Other new technologies in the works include a camera technology with built-in artificial intelligence for audio and visual detection in meeting rooms on floors 4 and 5 of CITE. These meeting rooms will also be equipped with a state-of-the-art audio/video conferencing system, sensor technology/room-booking software and portable/virtual meeting device. An iLobby virtual assistant will allow visitors to self-check and notify the employee they are meeting with. Currently, two iLobby iPad Pros are installed on floors 8 and 9 of Markham Campus for pilot testing.
4. Parking improvements
A six-level parking structure is being constructed in Parking Lot 9. It will offer 1,155 parking spots, including 20 accessible spaces and 10 electrical vehicle charging stations.
The garage will feature 378,987 square feet of parking area with solar panels to be installed on Level 6. The solar panels will generate enough to power the garage and offset some of the energy used by the Residence building.
In addition to the parking structure, a total of 298 spots have been added to the hydro corridor parking area (lots 7 and 8) for students, employees and visitors, and 10 electrical vehicle charging spots (two Level 3, eight Level 2) have been installed in front of the maintenance garage next to the fire protection training building.
5. Centre for Innovation, Technology & Entrepreneurship (CITE)
Following the official grand opening of CITE in the fall, work is well underway on floors 4 and 5 in anticipation of the final move of Seneca2020 when all administrative areas at Markham Campus will move to Newnham Campus in the summer. Much of the overhead work has been done on Floor 4 as ductwork, electrical and bulkheads are in place and painting of the ceilings and bulkheads has begun. The raised floor installation will start in February.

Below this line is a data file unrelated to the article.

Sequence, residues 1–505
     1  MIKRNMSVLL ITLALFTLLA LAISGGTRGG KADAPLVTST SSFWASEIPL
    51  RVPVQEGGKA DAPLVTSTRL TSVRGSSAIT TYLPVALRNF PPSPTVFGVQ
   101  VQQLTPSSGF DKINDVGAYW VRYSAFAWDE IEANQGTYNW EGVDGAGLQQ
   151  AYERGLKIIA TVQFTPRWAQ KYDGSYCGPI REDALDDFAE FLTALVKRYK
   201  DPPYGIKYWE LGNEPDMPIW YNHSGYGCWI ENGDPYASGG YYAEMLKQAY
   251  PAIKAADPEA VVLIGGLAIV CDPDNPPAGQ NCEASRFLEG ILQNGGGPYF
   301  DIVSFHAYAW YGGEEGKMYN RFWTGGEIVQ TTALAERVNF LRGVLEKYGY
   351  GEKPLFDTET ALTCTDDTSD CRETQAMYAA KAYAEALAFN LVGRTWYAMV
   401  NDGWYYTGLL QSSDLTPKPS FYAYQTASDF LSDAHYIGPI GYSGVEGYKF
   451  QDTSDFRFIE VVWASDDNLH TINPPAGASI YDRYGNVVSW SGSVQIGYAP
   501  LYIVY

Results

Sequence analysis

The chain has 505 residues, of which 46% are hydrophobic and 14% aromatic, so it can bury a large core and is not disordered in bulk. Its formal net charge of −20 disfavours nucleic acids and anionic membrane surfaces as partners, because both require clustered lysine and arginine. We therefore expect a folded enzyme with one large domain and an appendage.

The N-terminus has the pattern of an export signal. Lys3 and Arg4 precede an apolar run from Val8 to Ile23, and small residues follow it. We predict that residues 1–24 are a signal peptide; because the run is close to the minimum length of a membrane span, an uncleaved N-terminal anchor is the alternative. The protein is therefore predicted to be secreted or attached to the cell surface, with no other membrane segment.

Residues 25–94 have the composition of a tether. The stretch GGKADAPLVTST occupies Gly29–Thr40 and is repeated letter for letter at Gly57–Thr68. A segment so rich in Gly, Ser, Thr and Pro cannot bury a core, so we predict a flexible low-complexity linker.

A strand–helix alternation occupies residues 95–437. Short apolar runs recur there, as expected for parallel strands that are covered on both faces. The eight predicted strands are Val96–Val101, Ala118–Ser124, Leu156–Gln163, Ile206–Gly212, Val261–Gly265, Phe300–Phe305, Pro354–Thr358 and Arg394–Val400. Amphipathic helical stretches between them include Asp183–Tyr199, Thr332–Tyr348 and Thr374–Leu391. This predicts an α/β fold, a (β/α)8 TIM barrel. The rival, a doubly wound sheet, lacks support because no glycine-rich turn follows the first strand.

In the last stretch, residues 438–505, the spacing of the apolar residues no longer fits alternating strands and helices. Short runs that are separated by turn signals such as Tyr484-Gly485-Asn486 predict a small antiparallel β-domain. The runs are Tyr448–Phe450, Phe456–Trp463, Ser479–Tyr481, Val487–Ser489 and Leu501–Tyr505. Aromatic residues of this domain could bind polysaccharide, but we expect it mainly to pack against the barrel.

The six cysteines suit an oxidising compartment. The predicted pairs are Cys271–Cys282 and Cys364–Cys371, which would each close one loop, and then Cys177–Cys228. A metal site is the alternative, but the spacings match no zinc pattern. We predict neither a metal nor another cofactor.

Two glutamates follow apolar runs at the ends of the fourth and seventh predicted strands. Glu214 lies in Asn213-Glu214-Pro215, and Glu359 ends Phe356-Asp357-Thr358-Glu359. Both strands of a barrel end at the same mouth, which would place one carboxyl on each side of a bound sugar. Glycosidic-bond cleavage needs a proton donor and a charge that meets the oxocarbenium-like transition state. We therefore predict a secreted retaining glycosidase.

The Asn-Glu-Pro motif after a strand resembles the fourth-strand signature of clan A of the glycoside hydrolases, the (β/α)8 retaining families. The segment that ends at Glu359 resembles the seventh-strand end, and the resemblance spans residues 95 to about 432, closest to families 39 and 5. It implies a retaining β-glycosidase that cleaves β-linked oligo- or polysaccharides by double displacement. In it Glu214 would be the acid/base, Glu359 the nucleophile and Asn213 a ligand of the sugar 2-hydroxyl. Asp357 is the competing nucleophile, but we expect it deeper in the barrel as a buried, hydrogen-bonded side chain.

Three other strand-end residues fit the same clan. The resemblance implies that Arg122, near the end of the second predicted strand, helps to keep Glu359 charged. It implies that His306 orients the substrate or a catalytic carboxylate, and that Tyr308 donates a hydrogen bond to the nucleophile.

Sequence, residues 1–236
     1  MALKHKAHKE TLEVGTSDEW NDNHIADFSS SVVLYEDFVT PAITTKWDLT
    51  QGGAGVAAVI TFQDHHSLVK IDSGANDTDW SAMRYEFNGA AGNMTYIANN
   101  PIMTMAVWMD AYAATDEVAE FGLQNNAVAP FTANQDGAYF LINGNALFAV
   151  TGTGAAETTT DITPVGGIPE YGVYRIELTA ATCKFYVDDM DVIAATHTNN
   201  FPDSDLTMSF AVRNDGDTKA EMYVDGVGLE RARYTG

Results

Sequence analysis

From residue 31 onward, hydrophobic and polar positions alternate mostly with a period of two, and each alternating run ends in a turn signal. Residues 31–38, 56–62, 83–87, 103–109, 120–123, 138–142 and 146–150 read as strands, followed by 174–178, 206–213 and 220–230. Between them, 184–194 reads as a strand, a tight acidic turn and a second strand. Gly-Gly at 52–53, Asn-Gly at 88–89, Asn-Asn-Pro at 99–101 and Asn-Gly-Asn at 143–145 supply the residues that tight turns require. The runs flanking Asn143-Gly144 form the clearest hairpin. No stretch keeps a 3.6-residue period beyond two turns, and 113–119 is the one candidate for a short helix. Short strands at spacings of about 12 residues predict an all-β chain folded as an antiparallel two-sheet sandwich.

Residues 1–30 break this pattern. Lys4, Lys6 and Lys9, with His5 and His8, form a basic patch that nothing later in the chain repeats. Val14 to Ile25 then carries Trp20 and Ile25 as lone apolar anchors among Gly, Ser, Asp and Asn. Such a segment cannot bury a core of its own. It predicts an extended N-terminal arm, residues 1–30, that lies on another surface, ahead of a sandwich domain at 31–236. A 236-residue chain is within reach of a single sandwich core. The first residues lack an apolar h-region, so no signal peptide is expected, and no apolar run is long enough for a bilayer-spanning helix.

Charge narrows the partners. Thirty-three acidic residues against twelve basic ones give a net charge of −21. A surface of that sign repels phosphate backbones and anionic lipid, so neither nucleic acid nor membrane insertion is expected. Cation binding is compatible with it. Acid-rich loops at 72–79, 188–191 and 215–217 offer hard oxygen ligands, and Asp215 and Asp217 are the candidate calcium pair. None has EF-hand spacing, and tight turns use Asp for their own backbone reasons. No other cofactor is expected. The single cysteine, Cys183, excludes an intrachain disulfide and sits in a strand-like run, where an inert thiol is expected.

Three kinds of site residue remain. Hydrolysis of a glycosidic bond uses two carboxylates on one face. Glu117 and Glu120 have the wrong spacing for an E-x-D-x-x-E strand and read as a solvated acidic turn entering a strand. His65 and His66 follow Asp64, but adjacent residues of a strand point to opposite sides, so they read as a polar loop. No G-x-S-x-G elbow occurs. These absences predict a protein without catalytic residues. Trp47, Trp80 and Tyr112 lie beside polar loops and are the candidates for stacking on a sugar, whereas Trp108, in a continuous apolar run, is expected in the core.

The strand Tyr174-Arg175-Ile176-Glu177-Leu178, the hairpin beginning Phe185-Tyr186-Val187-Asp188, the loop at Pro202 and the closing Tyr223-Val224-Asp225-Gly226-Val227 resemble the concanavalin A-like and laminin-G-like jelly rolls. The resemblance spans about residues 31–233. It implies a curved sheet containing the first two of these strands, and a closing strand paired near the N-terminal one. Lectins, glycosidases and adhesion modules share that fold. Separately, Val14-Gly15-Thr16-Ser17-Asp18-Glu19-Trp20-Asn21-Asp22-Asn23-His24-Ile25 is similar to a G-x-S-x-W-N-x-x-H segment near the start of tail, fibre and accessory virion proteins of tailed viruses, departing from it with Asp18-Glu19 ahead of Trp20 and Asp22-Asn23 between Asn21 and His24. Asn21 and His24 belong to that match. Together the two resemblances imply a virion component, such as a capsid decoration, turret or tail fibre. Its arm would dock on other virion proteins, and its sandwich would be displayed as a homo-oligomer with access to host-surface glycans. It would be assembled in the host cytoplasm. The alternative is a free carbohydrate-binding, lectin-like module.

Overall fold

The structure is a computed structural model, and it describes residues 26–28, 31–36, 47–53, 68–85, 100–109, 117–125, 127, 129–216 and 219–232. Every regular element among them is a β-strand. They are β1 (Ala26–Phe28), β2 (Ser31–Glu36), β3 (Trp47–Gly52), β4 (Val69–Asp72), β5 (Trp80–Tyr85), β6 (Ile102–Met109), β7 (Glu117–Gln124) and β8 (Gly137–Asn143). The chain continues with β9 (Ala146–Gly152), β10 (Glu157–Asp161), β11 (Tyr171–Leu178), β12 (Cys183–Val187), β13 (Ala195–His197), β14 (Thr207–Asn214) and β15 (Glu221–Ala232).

As part of CITE’s environmentally sustainable design, 18 innovative photovoltaic glass panels — Canada’s first transparent solar curtain wall — were installed on Floor 2 last year. Recently, 438 solar panels were installed on the roof. The electricity produced by both the solar glass and panels is combined and connected to the building. The system, to be commissioned soon, will save about $17,000 a year on hydro bills. Power generated will be displayed on the digital displays in real time.
6. Donor wall
A donor wall to recognize individuals and organizations that have contributed to Seneca is being created in Building D before the pedestrian bridge to CITE (Building K).
The feature wall will celebrate Seneca donors, promote philanthropy and tell stories of Seneca, its alumni and students. The displays will be dynamic, providing the perfect backdrop for events being hosted in this area. The wall is expected to be complete this winter.
As part of a multi-year sustainable landscaping renovation at Newnham Campus, the primary goal of this initiative is to reduce Seneca’s carbon footprint, increase the attractiveness of the campus and reduce maintenance costs. Included in those plans are pollinator gardens, more perennials and native species, planting to help divert water from the sewer system and more naturalized spaces that require less mowing and weeding.
While some trees have been removed to make way for the cafeteria and CITE projects, more than 130 new trees are being planted around the area. The trees that were removed will be repurposed and used for seating in the ECE lab school and for Indigenous ceremonies at Odeyto.